What Does BTIA Do?
What does BTIA do?
It happens more often that you’d think. I will be introduced to someone as President of the Belize Tourism Industry Association and the first question I’m asked is “just what does BTIA do?” At first I’m taken aback but then realize that it’s a pretty good question. I know that a significant portion of my day is taken up with BTIA matters but have never really stopped to break down exactly what it is that our organization spends its time on. Let me give it a try.
First of all BTIA is not a single monolithic entity. In the first instance it consists of its several hundred members who at the national level elect a six member Executive Committee. That body is joined by the chairperson of each local chapter (around ten in all) and together with the EC form BTIA’s Board of Directors. The EC meets around once a month with the larger board around half that frequency. The day-to-day work of the organization is carried out by our two-person secretariat.
So that’s the structure but we still don’t know what all those people do.
The major activity of BTIA is to advocate for the interests of the tourism industry. This includes hotels, tour operators, tour guides, restaurants, spas, gift shops, car rentals—any activity directly related to tourism and includes both the overnight and cruise sectors.
This advocacy takes many forms. The most obvious example was during the Covid-19 pandemic when we lobbied for common sense policies that did not make visitors prisoners in their hotels and allowed them to enjoy the country’s many outdoor attractions without hindrance and in safety. We simultaneously pushed for policies that put tourism workers near the head of the line for vaccinations while at the same time campaigning for all Belizeans to be vaccinated.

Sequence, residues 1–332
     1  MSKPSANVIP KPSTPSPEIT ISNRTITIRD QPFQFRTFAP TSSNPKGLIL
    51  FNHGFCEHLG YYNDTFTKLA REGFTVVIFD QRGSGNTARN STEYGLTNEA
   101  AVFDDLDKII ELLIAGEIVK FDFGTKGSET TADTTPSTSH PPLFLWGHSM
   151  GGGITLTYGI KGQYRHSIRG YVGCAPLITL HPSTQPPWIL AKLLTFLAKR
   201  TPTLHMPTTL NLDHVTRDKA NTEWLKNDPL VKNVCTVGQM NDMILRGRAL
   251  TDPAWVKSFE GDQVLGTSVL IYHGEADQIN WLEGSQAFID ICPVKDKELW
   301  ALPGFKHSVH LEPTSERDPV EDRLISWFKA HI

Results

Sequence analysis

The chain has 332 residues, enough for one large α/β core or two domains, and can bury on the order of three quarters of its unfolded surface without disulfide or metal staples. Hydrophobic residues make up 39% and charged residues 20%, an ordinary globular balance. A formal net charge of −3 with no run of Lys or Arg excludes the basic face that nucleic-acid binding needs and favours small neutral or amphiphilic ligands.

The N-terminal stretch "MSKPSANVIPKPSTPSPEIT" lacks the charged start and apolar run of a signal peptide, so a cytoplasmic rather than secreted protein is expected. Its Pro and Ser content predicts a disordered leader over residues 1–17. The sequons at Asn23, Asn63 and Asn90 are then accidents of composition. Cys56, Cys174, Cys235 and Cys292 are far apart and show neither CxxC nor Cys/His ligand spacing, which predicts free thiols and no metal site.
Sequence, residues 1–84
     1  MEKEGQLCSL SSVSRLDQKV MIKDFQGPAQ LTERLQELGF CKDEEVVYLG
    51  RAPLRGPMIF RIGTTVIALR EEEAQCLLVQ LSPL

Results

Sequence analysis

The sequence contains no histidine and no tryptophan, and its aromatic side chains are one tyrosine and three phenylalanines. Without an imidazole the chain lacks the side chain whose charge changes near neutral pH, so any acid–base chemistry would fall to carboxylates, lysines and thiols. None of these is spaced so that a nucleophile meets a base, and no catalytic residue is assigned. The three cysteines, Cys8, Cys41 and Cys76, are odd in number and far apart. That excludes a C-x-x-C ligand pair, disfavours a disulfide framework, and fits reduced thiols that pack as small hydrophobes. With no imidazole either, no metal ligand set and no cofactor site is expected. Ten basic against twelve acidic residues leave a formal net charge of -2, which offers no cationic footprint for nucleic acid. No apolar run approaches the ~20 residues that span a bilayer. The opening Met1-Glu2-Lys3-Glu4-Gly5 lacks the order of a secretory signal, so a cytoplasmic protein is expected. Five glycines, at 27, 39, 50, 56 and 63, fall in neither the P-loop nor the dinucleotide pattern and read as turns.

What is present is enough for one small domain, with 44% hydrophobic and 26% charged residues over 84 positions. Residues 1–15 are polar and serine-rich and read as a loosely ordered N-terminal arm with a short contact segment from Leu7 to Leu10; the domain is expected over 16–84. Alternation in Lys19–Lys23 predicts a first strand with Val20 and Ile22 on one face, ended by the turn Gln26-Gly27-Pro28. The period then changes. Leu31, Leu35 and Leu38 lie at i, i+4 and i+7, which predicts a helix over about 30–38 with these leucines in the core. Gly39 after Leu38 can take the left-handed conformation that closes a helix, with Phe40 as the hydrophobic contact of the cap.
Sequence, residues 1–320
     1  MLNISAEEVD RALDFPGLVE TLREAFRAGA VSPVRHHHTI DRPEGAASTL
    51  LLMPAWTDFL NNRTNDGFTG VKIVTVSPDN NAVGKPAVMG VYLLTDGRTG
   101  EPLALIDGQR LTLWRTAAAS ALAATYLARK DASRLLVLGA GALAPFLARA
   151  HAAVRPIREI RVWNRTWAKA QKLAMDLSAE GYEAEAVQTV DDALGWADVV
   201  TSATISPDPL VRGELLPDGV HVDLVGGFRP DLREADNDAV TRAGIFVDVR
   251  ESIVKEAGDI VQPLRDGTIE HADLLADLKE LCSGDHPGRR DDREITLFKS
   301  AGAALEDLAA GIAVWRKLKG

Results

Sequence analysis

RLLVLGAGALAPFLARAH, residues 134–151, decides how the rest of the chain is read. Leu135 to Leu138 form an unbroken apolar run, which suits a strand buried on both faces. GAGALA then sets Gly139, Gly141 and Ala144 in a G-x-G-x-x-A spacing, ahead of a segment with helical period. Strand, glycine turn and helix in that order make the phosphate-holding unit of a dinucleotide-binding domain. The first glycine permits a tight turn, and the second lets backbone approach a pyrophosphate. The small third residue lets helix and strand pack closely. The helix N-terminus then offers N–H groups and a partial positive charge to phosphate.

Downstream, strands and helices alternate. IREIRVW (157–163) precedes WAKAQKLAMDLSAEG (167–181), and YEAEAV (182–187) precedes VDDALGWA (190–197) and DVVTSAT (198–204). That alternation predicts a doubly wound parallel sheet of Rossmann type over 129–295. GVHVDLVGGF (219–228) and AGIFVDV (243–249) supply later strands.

Similarly we regularly advocate in the areas of industry regulation, taxation, economic support and related areas including crime control, sargassum, environmental policy, transport and labor relations. Some of these efforts take place through our representation on various boards and committees (Belize Tourism Board, Sargassum Task Force, Airline Development Committee, PACT and DFC to name a few) while other means take the form of personal contact with officials at BTB, Ministry of Tourism and Diaspora Relations and Government in general. We try at all times to maintain a positive relationship with Government but we are not afraid to respectfully disagree with some policies when they conflict with what we believe to be the best interests of our members. In general we favor policies that promote sustainability, nature-based tourism and the preservation of authenticity in our tourism product.
At the same time we are always looking outside of Government to promote projects financed both internationally and domestically that will advance the development of the industry. This is done at the level of BTIA national as well as local chapters and individual members. These include educational opportunities, loans and grants.
Outside of specific advocacy efforts BTIA regularly sponsors educational activities ranging from direct specialty training courses (recent culinary offerings are a good example) to industry-wide gatherings (Tourism Summit in May).
But the most visible BTIA activities take place at the local chapter level. Where would we be without Lobsterfest, Mangofest, Chocolate Festival, Sidewalk Arts Festival and Mistletoe Ball just to name a few? These kind of events took a major hit during Covid but this coming year will see a return to form as our local chapters work hard make our various destinations not only more attractive to visitors but promote increased morale and cohesion among the thousands of Belizeans who make tourism so successful.
So what does BTIA do? Plenty! Find out more at our Annual General Meeting on January 10. And please don’t forget to renew your membership.
There were 5 Panels focusing on Climate Change, Belize City Cruise Ports, Branding, Airports and Land Borders & Looking Ahead: what is the goal and how do we get there?